The interior was created by Paszkowski’s team in collaboration with Margherita Casprini. They met the owner’s brief for a welcoming and elegantly contemporary interior with the use of woods, polished lacquered panels, grey and neutral tones, and onyx and marble embellishments, all of them chosen by the owner, who was very hands-on in the build of his first custom yacht.
Teak on the exterior decks meets sand oak for the interior floor and striped sand oak on the walls. A processing technique created a special wave effect in the oak used for the wall of the main deck lobby, which has a varnished metal sheet on the ceiling amplifying a 3D effect, and the owner’s stateroom.
The interior is further detailed in leather, glass and white backlit onyx, used to great effect on the main salon walls on either side of the living-garden wall. The wide selection of marbles includes glossy Persian Gray marble for the shower of the owner’s stateroom and Calacatta for the flooring, while Marfil Cream marble, Eramosa and Coffee Brown marble decorate the lower-deck guest cabins, VIP bathrooms and the dayhead.
The interior living areas take full advantage of the yacht’s nearly 28ft beam, meeting the owner’s request for spacious living in a high-performance yacht. It’s especially noticeable in the forward owner’s stateroom and bath, both stretching across the full beam. A dog-leg wall separates the owner’s office from the suite, ensuring privacy. Another nice feature here is that you can open the windows to allow the fresh sea air to flow through.
In all, following the owner’s wish to stay connected to his environment, the design enhances contact with the sea with open-air areas that include an expansive flybridge, a beach club and the aft section of the main deck. The latter features a custom-made table, planters for live plants and an aft-facing sunpad that might typically be seen on a smaller go-fast boat, evoking Panam’s speedy nature. Top-of-the-line speakers are hidden in the outdoor spaces, even inside the flagpole.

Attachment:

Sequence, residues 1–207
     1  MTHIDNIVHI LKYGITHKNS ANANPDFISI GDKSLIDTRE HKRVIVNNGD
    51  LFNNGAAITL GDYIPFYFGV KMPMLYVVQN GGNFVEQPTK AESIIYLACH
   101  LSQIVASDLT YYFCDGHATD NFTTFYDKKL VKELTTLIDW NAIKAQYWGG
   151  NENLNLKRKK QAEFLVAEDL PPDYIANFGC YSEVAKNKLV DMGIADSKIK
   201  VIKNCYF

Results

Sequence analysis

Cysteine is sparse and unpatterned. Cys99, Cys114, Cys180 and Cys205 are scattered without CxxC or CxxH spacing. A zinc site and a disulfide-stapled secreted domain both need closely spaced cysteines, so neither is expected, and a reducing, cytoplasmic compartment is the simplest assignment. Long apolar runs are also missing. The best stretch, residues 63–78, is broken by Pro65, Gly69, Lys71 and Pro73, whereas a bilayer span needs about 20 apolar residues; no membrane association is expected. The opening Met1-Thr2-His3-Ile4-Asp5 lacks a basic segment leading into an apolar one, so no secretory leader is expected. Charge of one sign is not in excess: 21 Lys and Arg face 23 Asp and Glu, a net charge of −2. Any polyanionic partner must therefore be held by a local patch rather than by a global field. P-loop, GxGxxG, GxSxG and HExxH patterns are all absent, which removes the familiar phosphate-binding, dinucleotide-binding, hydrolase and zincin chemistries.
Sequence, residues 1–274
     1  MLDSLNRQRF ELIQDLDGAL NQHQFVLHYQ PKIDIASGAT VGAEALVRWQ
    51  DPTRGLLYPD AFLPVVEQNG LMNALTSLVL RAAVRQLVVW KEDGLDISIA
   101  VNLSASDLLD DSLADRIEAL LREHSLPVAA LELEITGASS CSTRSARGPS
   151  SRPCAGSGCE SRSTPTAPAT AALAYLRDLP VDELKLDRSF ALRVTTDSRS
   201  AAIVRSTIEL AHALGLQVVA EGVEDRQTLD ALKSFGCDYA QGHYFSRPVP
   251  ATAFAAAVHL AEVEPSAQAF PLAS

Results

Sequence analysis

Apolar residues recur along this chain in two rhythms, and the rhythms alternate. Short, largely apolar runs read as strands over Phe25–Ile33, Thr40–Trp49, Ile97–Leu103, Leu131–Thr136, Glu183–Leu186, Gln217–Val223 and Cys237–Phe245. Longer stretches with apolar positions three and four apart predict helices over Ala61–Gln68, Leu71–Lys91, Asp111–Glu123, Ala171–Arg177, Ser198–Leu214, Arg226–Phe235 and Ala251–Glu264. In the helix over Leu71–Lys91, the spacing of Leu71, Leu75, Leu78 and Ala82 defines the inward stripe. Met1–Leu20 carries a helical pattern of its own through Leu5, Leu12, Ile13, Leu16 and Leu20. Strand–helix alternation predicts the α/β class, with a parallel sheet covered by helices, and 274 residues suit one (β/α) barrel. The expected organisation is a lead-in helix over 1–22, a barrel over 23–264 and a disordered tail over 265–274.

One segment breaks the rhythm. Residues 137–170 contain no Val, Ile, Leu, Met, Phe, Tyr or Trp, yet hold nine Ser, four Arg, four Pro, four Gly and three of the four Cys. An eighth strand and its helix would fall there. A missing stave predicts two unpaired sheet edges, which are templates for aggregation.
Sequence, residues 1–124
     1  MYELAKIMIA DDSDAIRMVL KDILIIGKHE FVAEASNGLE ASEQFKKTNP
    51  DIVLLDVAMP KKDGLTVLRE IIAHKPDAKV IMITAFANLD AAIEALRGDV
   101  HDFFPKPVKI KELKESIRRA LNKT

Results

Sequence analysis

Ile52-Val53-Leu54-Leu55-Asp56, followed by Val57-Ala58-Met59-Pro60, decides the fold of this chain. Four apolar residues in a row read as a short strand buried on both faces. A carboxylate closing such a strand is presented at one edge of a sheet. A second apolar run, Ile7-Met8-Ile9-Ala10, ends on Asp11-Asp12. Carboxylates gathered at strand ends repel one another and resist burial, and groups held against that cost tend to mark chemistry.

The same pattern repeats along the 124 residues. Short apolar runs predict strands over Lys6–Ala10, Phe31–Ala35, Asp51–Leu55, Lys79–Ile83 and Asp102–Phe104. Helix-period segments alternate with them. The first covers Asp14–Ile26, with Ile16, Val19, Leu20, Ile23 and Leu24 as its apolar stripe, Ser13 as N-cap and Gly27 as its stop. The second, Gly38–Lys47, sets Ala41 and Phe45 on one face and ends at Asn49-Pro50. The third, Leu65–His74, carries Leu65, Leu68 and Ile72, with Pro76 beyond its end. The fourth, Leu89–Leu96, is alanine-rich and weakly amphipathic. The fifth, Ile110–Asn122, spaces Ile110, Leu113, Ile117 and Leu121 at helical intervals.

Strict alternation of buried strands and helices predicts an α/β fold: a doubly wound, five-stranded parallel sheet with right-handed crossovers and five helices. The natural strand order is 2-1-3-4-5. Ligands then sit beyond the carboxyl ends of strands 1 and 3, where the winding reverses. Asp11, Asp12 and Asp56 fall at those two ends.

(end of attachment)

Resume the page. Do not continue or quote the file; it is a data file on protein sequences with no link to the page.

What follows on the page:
The flybridge, around 861 square feet in area, is a party deck with multiple lounge areas, a custom-made counter-current pool holding seven tons of water, with a television screen built into its back wall. It has a bar, a custom marble structure with a sliding countertop, designed as a flexible, space-saving solution. Paszkowski explains this clever feature: “By sliding, the top provides a shelf for people sitting on the stools and reveals the working area for the waiter on the opposite side. The top also hides a console for the DJ on one side.”
The bridge itself is situated at the mezzanine level, just a few steps down, and assisting the captain in docking maneuvers are two wing stations.
Much like with the main deck bulwarks, transparent protection rims the outer perimeter of the flybridge and the pool to connect the space with the water beyond. Other open-air areas of note include a lofty bow lounge – which Paszkowski says is his “favourite place among the al fresco spaces we designed” – and the beach club, which opens on three sides with two side-folding balconies in carbon fibre. “It is an excellent solution to provide another huge social area close to the water and to enhance the contact to the sea according to the owner’s wish of enjoying the surrounding environment while living on board,” the designer says. When the stern platform and side balconies are open, the total beach club area is 459 square feet.
This layout demanded innovative thinking and engineering. The central engine room was moved forward to make room for the large beach club and the semi-floodable garage. Although a triple-waterjet propulsion system made it easier to control noise and vibrations, Panam’s layout necessitated shaft lines that are 27.7 metre long from the transom to the gearbox flange.
“Building Panam has been a very challenging project for Baglietto, in both the design and technical aspects, but the final result has made everybody at the shipyard very proud,” Toracca says. “The owner was very happy and excited as well. Being a full-custom project, Panam is the realisation of his yachting dreams.”
First published in the November 2022 issue of BOAT International. Get this magazine sent straight to your door, or subscribe and never miss an issue.shop now